Describing the subject matter seems to deny her work justice. At heart, what works in an Eisenberg story is the way the internal world collides with the external. It's sometimes funny and sometimes horrible and sometimes very sad. Innocents are abroad in her stories, and not-so-innocents as well. We don't watch her characters or follow them so much as sink directly into them, like it or not.

She's a hard damn person to do a brief critique on. If you're a fan of Lorrie Moore, Alice Munro, or Jennifer Egan, some of the same things that I love in all those writers are things I love here. But then too there's something just intensely specific about Eisenberg, some idiosyncracy that's hard to touch upon but that makes her fiction incandescent.


Nov. 16th, 2006 08:43 am
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Oh, Ladies of Grace Adieu...you had me at Susanna Clarke, you really did. You didn't have to throw in Charles Vess to make me love you.

But I'm glad you did. 

Is it weird that I want to hug a book?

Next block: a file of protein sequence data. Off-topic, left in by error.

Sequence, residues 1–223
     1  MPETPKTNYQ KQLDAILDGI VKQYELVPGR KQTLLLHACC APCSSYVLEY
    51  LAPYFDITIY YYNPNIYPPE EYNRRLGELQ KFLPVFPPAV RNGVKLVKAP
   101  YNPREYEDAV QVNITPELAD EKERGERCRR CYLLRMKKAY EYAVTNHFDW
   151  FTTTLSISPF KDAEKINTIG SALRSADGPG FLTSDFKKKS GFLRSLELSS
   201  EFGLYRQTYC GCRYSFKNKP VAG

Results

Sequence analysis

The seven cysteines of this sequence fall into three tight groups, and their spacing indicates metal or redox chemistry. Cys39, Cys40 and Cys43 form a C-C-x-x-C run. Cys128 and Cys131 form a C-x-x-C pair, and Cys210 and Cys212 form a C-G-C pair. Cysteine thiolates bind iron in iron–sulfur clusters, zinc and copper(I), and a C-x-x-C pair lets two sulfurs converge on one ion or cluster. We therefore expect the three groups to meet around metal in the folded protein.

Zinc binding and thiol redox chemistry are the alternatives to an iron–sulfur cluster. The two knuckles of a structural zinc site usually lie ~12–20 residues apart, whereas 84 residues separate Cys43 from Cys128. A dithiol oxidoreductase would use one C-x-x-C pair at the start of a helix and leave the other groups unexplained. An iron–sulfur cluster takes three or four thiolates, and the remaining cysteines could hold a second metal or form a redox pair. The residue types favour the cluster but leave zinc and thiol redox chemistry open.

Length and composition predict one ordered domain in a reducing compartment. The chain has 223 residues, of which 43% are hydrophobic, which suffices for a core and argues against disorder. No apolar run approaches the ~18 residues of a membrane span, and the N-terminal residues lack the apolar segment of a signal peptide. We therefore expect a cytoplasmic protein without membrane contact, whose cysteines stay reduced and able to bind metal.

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Recently, [livejournal.com profile] te_amo_azul introduced me to the Brazilian writer Clarice Lispector. A few weeks ago I finished reading her collection of short work, Soulstorm. Frequently I find with translations of literature from cultures not my own, the process of reading is much slower for me—it’s not that the work isn’t good so much as that I’m trying to make synaptic leaps across things that don’t translate well or cultural disparities that I then have to process. 

the rest of the review... )
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Reason #576 you wish you lived in Portland (or are glad you live in Portland): Powells readings.

Tonight we went and heard Kelly Link. She read a new-ish piece about an undead girlfriend. I was glad [profile] hplovescats went, since when I think "undead girlfriend" I think "my boyfriend." Link was either a much more serious person than I expected, or a much shyer person than I expected--it could have been either one (just compared to, like, Aimee Bender, who writes oddball stuff and is kind of an oddball herself, Link seemed pretty sober). The crowd was pretty small, but it's a Friday and people were probably thinking bars more than bookstores. Well, people that aren't huge nerds.